Common tests for infertility
The road to fertility treatment is paved with tests for both partners - here we outline those most frequently used
Posted: 5 December 2007
When a couple has difficulty in conceiving there may be a problem with the woman's fertility, the man's fertility, or with both, so testing both partners is usually recommended. As it's relatively straight-forward to check the quality of a man's semen, it's usually advisable to get a semen analysis done before embarking on any of the more invasive physical investigations for the female. Here's a summary of the most common fertility tests for women and you can find the tests for men summarised here.
Common fertility tests for women
- Blood, urine and cervical fluid (mucous) - Your doctor may start with relatively straight-forward tests of your blood, urine and cervical fluid to check whether or not you're ovulating and to check hormone levels, such as that of FSH and luteinising hormone. If a problem with ovulation is detected then this can often be successfully treated with drugs such as Clomiphene (Clomid, Serophene). Be aware that if you go on for further investigations, not all clinics will be happy to accept the results of these tests without repeating tests of their own.
- Post-coital test for fluid compatibility -
If you appear to be ovulating normally and your partner's semen has been given the all-clear, a further test may be to test the compatibility of the two: It may be that the cervical fluid doesn't reach the right consistency to let the sperm swim through to reach the cervix and go on to fertilise an egg, or it could be that the cervical fluid contains antibodies against the sperm to the same effect. Just prior to ovulation, a sample is taken from the woman's vagina within two to eight hours of a couple having sex. The sample is analysed to check whether the sperm can move freely through the cervical fluid to reach the cervix. If a semen analysis hasn't been done to establish the motility of the sperm in the seminal fluid, a cross-check will have to be done to see whether the antibodies limiting the sperm's movement are being produced by the man or the woman.
- Ultrasound - Ultrasound imaging uses soundwaves to create a picture of what's going on inside the body, and can enable doctors to get a good look at your reproductive organs, for example to check whether you are producing follicles to release eggs, or to look for Polycystic Ovarian Syndrome (PCOS). Unlike an x-ray it uses no radiation, so it's very safe, it is also entirely painless. If you embark upon fertility treatment then you're quite likely to have several ultrasounds for various purposes. Depending on what the doctors wish to see, the ultrasound will either be abdominal, on your stomach, or transvaginal, with a scope inserted into the vagina, which may be slightly uncomfortable.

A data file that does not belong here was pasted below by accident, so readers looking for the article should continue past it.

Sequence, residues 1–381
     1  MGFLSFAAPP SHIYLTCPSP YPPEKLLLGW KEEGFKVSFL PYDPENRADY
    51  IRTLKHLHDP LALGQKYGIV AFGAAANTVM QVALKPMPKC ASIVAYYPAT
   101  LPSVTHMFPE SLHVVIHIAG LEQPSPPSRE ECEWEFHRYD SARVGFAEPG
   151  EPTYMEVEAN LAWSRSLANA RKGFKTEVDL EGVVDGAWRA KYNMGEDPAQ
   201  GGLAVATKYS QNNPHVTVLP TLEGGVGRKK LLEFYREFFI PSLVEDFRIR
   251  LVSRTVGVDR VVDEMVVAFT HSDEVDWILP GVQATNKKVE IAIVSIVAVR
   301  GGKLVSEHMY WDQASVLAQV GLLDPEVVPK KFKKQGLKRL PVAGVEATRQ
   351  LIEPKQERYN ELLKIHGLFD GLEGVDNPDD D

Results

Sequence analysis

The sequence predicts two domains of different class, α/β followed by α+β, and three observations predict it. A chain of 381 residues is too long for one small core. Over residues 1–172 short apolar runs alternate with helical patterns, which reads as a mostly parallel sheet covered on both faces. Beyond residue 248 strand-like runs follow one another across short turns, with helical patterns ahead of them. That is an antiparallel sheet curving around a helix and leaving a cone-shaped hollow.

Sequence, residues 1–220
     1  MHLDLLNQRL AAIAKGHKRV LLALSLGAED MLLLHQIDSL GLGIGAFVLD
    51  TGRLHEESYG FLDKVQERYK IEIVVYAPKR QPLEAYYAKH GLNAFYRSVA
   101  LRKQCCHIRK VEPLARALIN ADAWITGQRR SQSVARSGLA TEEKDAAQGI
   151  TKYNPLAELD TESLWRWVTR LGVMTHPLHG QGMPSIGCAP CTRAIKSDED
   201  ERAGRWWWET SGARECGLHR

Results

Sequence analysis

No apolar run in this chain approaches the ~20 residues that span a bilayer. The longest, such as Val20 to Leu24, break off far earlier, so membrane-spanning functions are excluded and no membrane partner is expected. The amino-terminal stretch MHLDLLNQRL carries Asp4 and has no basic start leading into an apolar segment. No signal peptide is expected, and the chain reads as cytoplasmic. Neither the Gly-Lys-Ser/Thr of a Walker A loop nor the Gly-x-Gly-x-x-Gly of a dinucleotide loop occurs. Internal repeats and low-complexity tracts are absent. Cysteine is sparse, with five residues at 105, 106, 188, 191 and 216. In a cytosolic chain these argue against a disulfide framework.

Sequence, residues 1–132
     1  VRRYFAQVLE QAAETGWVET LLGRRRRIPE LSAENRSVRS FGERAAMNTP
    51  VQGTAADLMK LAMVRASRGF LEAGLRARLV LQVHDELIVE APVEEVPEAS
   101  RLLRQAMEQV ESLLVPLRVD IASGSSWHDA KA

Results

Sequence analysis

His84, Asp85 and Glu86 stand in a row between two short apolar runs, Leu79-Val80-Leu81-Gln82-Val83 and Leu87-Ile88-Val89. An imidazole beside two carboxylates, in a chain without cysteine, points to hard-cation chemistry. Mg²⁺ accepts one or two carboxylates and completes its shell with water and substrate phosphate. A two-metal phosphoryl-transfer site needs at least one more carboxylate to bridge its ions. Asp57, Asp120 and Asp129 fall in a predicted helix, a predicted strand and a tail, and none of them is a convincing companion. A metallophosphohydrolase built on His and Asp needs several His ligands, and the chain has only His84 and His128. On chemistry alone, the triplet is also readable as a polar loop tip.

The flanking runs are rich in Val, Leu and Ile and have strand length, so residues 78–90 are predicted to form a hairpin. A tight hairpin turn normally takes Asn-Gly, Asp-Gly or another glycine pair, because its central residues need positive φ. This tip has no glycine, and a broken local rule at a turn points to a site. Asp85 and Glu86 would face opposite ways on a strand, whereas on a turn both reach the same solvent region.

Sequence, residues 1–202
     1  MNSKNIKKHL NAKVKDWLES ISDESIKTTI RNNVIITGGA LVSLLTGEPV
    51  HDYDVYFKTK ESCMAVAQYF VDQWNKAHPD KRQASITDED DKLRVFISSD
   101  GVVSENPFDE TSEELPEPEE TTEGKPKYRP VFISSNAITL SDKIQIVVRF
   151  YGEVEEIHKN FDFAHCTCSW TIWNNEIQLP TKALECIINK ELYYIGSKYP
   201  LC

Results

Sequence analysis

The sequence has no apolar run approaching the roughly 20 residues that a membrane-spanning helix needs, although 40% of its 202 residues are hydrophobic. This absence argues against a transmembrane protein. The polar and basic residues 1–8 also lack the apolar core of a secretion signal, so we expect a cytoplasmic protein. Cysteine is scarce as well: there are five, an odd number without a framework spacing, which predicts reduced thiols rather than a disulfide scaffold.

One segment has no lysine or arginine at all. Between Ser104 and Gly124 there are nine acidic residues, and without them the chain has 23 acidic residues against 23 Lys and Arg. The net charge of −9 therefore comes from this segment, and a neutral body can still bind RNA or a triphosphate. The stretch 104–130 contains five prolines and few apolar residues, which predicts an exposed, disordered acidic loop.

- Endometrial biopsy - The physical health of your womb is crucial to establishing a pregnancy: With each cycle the womb lining should thicken in preparation for nurturing a fertilised egg. Infections and other uterine abnomalities can interfere with this process and create a hostile environment for a developing embryo. An endometrial biopsy is a relatively straightforward procedure where a sample of the lining of your womb is removed via a plastic catheter and suction for testing. The test is very quick and shouldn't be painful, but it may be uncomfortable and the catheter can provoke uterine cramping.
- Hysterosalpingogram (HSG) - This checks whether there is any blockage in your Fallopian tubes and can also be used to check the uterus for fibroids and/or scar tissue. A radiographic dye is injected into the uterus through the vagina using a thin catheter or similar and then x-rays are taken to show how the dye moves around the reproductive area. The procedure itself should only take 5-10 minutes, is non-invasive and so doesn't require a general anaesthetic. However, as with the endometrial biopsy, you may experience some uteral cramps afterwards.
- Laparoscopy - A laparoscopy involves key-hole surgery, usually under a general anaesthetic, and allows doctors to get a very clear picture of your reproductive organs to check for abnormalities. A tiny optical tube is inserted through a very small incision in the navel area to look for abnormalities which, if found, the surgeon may also be able to repair in the course of the operation. Before surgery, carbon dioxide gas is delivered to the abdominal cavity (via a special needle inserted just below the navel) to separate the individual organs in the abdomen and so give surgeons a clearer picture of what's happening. the procedure usually only involves a day-visit to hospital, but as it involves a general anaesthetic and perhaps some abdominal discomfort you're likely to need several days to recover.
Common fertility tests for men
Common fertility tests for men are summarised here.
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